Ludhiana is weaving a contest in which the Congress will meet its past, as the two main rivals in the textile city of Punjab are former Congressmen.
Current Congress candidate and its national spokesman Manish Tewari is up against former party men Gurcharan Singh Galib and Kehar Singh, who have switched loyalty to the Shiromani Akali Dal and the Bahujan Samaj Party, respectively.
While Galib snapped an over four-decade-old tie with the Congress just two months ago after being denied a ticket, Singh was a leader of the Backward Class cell of the Congress before switching the loyalty to the Congress.
However, apprehending that the past party men may eat into its traditional vote bases due to their long association with it, the Congress is playing the Manmohan Singh card to woo voters, according to political observers.
In the Sikh-dominated segments of the constituency, the party supporters are appealing to people to vote for the Congress to have a Sikh Prime Minister. Moreover, where there is less Sikh population, party supporters are seeking votes by describing Prime Minister Manmohan Singh as a man of bold decisions.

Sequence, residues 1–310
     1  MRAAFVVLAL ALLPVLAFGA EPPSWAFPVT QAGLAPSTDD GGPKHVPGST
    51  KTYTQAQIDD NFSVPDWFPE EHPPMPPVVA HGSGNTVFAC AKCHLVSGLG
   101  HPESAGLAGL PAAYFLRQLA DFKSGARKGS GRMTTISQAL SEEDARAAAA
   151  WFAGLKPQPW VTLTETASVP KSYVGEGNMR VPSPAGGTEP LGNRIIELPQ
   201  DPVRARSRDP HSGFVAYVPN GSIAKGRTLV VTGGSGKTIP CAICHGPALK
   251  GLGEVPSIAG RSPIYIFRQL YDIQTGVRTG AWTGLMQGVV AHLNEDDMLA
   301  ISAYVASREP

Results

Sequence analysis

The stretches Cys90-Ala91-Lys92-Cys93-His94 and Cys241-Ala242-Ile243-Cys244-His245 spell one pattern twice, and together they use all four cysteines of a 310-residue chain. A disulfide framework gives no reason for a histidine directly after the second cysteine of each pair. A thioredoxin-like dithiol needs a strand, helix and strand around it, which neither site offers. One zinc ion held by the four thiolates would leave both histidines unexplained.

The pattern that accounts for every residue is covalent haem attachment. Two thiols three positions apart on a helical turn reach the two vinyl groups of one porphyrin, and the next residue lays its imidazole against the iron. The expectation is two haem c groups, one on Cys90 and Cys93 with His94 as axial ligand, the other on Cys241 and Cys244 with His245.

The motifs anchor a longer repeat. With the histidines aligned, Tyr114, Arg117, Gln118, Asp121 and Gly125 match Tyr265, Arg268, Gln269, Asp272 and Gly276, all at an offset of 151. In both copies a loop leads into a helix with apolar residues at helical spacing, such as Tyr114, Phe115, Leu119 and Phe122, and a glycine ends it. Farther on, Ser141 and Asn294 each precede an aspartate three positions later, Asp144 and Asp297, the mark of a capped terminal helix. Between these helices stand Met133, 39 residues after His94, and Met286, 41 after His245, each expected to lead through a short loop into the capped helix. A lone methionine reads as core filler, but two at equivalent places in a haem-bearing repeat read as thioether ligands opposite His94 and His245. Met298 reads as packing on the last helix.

Congress candidate Manish Tewari has described the Prime Minister as a great economist and a man who took bold decisions, including the one for finalising the Indo-US nuclear deal.
To magnify the impact of its appeal, the party has roped in Delhi-based Sikh leaders headed by Parmjit Singh Sarna, who is the President of the Delhi Sikh Gurudwara Management Committee, for campaigning.
Spelling out his vision for Ludhiana, Tewari said he would like to bring back those industries which have shifted their bases from here, apart from furthering the process of industrialisation.
"Agriculture will also remain my top most priority because it is the cornerstone of our economy," he added. Striving to strike an emotional chord with the youth, he maintained that the young people are putting everything at stake to go abroad to try their luck due to lack of jobs here.
"And unfortunately those dreams go sour," he pointed out, adding that his development policy would be youth-oriented.
On the other hand, Akali-BJP combine candidate Gurcharn Singh Galib justified his switch-over from the Congress, saying it has lost its old culture, philosophy and values.
"Old, loyal and self-respecting persons with ideas have no place in the present day set-up of the party (Congress) where stalwarts like Arjun Singh are being humiliated and intentionally cornered," Galib said.
The Akali-BJP combination is the only combination best suited for the state, he pointed out, adding that the SAD is the only party that has worked for the development and interests of the people of the state.